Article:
Mother who fled due to sectarian attacks loses property value case

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A mother and daughter who quit their homes amid repeated sectarian attacks have lost a legal challenge to the valuations of the properties.

Rosaleen and Annette Cooley issued High Court proceedings after a 25 per cent price deduction was imposed because both houses are located at an east Belfast interface.

That produced valuations of £41,000 and £40,000 for the Mountpottinger Road properties to be acquired by the Housing Exeutive through an initiative for intimidated owners.

Lawyers for the Cooleys argued that the Scheme for the Purchase of Evacuated Dwellings (SPED) assessment should ignore adverse security considerations.

But a judge backed alternative submissions that while any attacks are to be disregarded, the valuer must consider property locations as in a normal sales process.

Mr Justice Maguire said: “The court does not believe that it was any part of the purpose of the scheme to enable a beneficiary of the scheme to achieve a value for their dwelling greater than open market value.”

Rosaleen Cooley, 71, and her 52-year-old daughter endured years of criminal damage and abuse while living in an area blighted by disorder and violence.

Reported incidents involved stone and firework attacks as sectarian trouble raged around them.

With neither homeowner living there now, they applied to sell through SPED.

Initially their applications were turned down after the PSNI refused to issue Chief Constable’s Certificates required for the scheme.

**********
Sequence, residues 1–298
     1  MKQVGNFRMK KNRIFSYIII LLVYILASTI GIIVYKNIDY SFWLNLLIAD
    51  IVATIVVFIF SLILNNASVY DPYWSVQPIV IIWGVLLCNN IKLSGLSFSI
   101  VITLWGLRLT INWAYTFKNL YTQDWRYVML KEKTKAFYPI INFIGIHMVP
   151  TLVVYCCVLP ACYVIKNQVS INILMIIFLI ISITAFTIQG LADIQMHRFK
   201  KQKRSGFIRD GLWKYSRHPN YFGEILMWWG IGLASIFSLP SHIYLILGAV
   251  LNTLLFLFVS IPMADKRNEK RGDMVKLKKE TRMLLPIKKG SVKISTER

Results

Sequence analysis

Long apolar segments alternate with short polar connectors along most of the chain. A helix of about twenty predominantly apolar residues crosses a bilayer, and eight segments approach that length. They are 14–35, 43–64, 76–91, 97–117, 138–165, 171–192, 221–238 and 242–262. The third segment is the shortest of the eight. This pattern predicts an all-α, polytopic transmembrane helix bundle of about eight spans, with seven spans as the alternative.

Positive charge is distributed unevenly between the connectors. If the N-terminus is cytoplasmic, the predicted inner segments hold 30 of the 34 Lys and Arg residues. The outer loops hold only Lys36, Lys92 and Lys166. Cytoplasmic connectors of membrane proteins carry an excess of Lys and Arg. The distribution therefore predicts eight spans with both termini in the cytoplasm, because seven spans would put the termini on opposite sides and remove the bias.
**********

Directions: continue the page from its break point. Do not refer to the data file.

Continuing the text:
Although it was accepted that they have been directly or specifically threatened or intimidated, police concluded in November 2011 they were not at risk of death or serious injury.

But following an earlier legal challenge senior judges quashed the PSNI’s decision.

They held that a proper analysis was not carried out into the risk created by an incident where a bullet was discovered in Annette Cooley’s hallway.

In that case the court heard SDLP MP Alasdair McDonnell sent a letter to the Chief Constable describing how windows on Annette Cooley’s home were covered by steel grids and triple glazed for extra reinforcement against missile attacks.

Heavy drops bars were installed on the front door, although it had not been used for years because it was too risky, he wrote.

Dr McDonnell stated that the family and any guests remain in a back kitchen, with lights kept off at night to ensure would-be attackers are not alerted.

Fresh judicial review proceedings were launched over valuations of both houses carried out by Land and Property Services.

It was claimed that the assessment was inconsistent with a SPED provision that purchase prices are to be determined as though the sale were “without adverse security considerations”.

However, the judge held that the scheme’s assistance amounted to a state agency acquiring the property as if the process was at market value.

Dismissing the challenge, he confirmed: “The court is unable to discern any illegality in the approach taken in this case.”